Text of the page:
Maintaining the Attorney-Client Privilege for IP Opinions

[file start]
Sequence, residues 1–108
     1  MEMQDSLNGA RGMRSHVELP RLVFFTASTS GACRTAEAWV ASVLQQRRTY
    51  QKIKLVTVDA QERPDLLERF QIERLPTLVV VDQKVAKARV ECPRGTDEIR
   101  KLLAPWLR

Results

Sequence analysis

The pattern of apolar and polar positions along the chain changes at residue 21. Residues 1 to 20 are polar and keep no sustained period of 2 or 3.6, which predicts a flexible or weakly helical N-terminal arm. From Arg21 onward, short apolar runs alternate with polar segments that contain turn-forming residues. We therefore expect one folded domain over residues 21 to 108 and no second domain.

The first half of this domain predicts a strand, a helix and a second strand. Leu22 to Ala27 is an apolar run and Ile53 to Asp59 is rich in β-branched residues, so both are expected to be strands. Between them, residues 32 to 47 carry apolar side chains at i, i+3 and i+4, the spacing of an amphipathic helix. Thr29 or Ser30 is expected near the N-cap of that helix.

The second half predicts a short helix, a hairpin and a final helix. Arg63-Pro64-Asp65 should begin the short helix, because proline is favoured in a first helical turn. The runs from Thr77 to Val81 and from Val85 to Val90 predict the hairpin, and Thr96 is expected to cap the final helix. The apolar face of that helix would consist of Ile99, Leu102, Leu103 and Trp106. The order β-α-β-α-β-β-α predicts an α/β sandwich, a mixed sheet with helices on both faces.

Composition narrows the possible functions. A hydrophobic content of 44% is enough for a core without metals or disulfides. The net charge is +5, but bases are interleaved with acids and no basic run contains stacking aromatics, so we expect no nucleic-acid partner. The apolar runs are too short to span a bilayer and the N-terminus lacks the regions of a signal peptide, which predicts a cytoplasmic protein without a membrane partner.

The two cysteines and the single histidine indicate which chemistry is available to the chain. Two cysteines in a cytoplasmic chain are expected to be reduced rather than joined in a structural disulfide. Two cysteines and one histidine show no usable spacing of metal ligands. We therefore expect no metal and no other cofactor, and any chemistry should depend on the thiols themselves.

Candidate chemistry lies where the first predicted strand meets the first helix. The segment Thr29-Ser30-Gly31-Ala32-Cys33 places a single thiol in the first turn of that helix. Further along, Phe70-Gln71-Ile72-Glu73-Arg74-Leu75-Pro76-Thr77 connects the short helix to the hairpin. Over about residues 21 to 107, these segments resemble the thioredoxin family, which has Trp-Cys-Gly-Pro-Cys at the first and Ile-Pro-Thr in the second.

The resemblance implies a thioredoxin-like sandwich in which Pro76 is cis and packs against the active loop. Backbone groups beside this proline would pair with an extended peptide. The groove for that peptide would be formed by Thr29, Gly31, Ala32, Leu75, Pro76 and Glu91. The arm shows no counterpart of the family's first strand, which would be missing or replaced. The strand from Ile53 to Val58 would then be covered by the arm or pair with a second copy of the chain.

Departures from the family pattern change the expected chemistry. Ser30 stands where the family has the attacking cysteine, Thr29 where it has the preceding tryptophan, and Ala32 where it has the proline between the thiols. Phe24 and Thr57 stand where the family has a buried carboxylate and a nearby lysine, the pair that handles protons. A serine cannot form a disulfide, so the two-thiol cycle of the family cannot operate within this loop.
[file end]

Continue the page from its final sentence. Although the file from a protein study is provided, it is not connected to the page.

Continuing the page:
Before even addressing the exceptions to minimize risk of privilege waiver, one strategy to avoid problems in the diligence effort is to only request a list of opinions rather than a complete copy as an acquiror would with any agreements the target has entered. It may be that the opinions are of a tangential nature to the planned transaction, or that any opinions relate to patentability or registrability while the acquiror is only concerned with freedom to operate issues. Once a decision is actively made that certain IP opinions need to be shared with the acquiror, the parties can consider the limited exceptions available to craft a strategy to minimize risk of privilege waiver. One of the most typical is the “common interest doctrine” which is “an exception to the general rule that the attorney-client privilege is waived upon disclosure of privileged information with a third party.” Katz v. AT&T Corp., 191 F.R.D. 433,436 (E.D. Pa. 2000); Corning Inc. v. SRU Biosystems, LLC, 223 F.R.D. 189, 190 (D. Del. 2004). Under the common interest doctrine, the attorney-client privilege is extended to parties that share a common legal interest with the originally-privileged party. The required nexus between the parties varies across jurisdictions.